Something borrowed: Online boutique for pre-worn wedding gowns launches in Dubai

New e-marketplace dresscometrue.com allows brides in the Middle East to sell their pre-loved gowns. (Supplied)
Updated 10 June 2019
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Something borrowed: Online boutique for pre-worn wedding gowns launches in Dubai

  • Some of the dresses are almost 70% cheaper than their original price
  • Sellers can choose to list their dress under three different options of service

DUBAI: Brides-to-be in the Gulf often spend the lead up to their big day frantically searching for the perfect wedding dress. It’s no secret that options in the region are far from plentiful and it isn’t unheard of for brides to head abroad in the hunt for the ultimate bridal gown.

After struggling to find her own wedding dress, Dubai-based entrepreneur Eva Hachem joined forces with her husband Andy Werner to launch Dress Come True, a new platform that allows brides to shop for pre-loved wedding gowns online, with as much as 70 percent off the original retail price.

“I got married in Dubai and… I struggled to find my dream dress. I found that the prices were unreasonable and I either had to compromise on the selection or on the price,” Hachem told Arab News.

“After the wedding, I wanted to sell the dress so I picked up the phone and called boutiques and I said ‘okay, all the brides who buy from you, where do they re-sell their dress?’ They said, ‘We wish (we knew), all the brides ask us.”

The exchange sparked an idea that quickly snowballed into the new platform, one where brides can sell the “one dress you will never wear again,” while making sure it goes to someone who will cherish the gown.  

Loved-up newlyweds can list their gowns on the website for a one-time fee, with three options available. The basic package costs $22 and requires the seller to organize the delivery, while the second option allows the seller to fall back on the Dress Come True team to organize the delivery for a one-time fee of $35. Finally, for $41, sellers can avail the so-called concierge service, where the company handles all aspects of the sale.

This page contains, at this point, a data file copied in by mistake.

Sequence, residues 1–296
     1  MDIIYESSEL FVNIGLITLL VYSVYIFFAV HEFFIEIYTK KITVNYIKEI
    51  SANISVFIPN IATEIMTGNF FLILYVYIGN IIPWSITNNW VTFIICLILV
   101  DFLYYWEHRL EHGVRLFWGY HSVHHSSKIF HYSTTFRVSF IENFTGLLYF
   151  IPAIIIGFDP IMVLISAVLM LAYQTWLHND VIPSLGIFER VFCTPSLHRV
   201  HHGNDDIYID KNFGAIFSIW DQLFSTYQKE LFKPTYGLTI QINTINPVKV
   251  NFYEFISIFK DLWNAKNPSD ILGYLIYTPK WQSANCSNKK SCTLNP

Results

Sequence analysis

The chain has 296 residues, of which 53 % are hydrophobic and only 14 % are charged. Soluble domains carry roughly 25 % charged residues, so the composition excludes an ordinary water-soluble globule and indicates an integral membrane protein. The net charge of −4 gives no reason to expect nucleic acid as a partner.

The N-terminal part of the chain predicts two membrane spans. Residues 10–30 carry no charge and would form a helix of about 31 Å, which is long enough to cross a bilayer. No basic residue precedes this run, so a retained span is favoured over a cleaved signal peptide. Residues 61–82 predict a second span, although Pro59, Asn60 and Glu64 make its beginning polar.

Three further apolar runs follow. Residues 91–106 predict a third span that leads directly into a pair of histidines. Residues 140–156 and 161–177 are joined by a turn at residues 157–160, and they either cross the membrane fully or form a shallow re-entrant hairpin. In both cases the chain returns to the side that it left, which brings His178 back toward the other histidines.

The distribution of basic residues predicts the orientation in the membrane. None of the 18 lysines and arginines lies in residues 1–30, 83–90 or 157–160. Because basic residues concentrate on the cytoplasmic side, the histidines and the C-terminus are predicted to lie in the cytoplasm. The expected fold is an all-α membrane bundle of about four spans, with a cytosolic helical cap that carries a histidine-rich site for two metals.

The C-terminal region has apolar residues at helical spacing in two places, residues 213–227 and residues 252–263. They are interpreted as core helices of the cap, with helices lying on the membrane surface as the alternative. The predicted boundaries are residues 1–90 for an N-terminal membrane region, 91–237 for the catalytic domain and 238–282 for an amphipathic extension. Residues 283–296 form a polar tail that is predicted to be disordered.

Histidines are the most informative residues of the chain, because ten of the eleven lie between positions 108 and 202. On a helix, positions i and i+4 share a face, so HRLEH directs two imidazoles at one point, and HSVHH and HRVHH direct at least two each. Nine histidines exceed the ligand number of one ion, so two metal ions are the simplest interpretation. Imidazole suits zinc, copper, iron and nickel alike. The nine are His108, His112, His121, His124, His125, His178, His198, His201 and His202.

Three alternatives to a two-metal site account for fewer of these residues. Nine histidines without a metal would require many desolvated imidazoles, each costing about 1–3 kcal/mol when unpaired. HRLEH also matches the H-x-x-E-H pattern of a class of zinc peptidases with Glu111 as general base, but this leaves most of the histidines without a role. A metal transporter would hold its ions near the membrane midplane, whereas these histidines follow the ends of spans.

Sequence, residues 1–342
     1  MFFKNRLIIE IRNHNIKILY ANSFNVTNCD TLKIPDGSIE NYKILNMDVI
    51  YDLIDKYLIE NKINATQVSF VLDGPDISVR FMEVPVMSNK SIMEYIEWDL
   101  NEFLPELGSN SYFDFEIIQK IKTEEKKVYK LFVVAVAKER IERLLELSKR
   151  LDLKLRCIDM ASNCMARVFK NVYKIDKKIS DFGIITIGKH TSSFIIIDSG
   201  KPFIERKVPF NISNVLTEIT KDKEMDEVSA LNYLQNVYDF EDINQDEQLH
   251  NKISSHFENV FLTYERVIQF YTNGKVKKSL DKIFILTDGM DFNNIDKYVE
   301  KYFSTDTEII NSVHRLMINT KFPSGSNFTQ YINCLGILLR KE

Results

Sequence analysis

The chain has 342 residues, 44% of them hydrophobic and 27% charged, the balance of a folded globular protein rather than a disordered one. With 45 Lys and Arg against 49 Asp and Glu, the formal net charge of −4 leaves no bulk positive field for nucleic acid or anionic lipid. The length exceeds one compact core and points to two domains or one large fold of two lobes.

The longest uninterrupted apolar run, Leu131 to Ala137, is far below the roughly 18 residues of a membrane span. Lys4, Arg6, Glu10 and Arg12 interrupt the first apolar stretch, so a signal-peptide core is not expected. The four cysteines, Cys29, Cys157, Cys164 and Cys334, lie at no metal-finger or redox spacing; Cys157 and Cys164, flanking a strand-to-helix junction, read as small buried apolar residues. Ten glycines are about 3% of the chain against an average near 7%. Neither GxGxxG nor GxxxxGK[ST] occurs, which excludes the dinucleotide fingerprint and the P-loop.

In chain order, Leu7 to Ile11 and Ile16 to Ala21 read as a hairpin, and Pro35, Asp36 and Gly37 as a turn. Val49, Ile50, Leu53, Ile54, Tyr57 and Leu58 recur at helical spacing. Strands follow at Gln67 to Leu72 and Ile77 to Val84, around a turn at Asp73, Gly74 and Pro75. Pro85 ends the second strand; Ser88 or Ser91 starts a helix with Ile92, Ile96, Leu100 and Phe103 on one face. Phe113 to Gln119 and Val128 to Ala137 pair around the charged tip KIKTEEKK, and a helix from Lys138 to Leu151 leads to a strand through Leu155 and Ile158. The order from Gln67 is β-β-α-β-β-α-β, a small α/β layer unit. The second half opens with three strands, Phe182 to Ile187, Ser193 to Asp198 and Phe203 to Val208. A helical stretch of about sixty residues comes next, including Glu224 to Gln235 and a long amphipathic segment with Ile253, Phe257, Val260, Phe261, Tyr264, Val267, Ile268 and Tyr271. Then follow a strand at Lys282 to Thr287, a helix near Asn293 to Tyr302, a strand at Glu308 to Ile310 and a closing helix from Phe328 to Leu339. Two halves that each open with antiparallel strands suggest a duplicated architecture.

But can brides bear to part with such an important item of clothing?

“Yesterday we talked to a bride who said something very interesting,” Hachem told Arab News. “She said, ‘I have had my dress for two years and I cherish it, but I don’t want to keep it. I never had the heart to list it next to any other item… So, when I saw the (website) and how the dresses are valued, it felt like the right place to list my dress. It has sentimental value, but you are not going to wear it again.’”


Myriam Fares apologizes to Egyptian fans after backlash

Lebanese pop superstar Myriam Fares has apologized to her Egyptian fans over comments she made at a press conference. (File: AFP)
Updated 24 June 2019
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Myriam Fares apologizes to Egyptian fans after backlash

DUBAI: Lebanese pop superstar Myriam Fares has apologized to her Egyptian fans over comments she made at a press conference for the Moroccan Mawazine Festival on Saturday.

In a press appearance before her gig at the music festival, the star was questioned by a journalist and asked why she doesn’t perform in Egypt as much as she used to.

“I will be honest with you,” she told the journalist, “I’ve grown over the years and so did the pay and my demands, so it became a bit heavy on Egypt.”

The comment triggered intense backlash on social media, with many offended Twitter users using the platform to vent.

Egyptian singer and actor Ahmed Fahmi, who starred alongside Fares in a 2014 TV show, He replied to her comments sarcastically, tweeting: “Now you are too much for Egypt. Learn from the stars of the Arab world. You will understand that you did the biggest mistake of your life with this statement.”

Then, Egyptian songwriter Amir Teima tweeted: “Most Lebanese megastars like Elissa, Nawal (El Zoghby), Nancy (Ajram), Ragheb (Alama), and the great Majida El-Roumi have performed in Egypt after the revolution. You and I both know they get paid more than you do. Don’t attack Egypt; if it’s not out of respect, do it out of wit.”

Now, Fares has replied to the comments and has blamed the misunderstanding on her Lebanese dialect, saying: “I always say in my interviews that although I started from Lebanon, I earned my stardom in Egypt. I feel sorry that my Lebanese dialect and short reply created chances for a misunderstanding.”

 
 
 
 
 
 
 
 
 
 
 
 
 
 
 

A post shared by Myriam Music (@myriammusicofficial) on

She ended her Instagram apology by saying, “Long live Egypt.”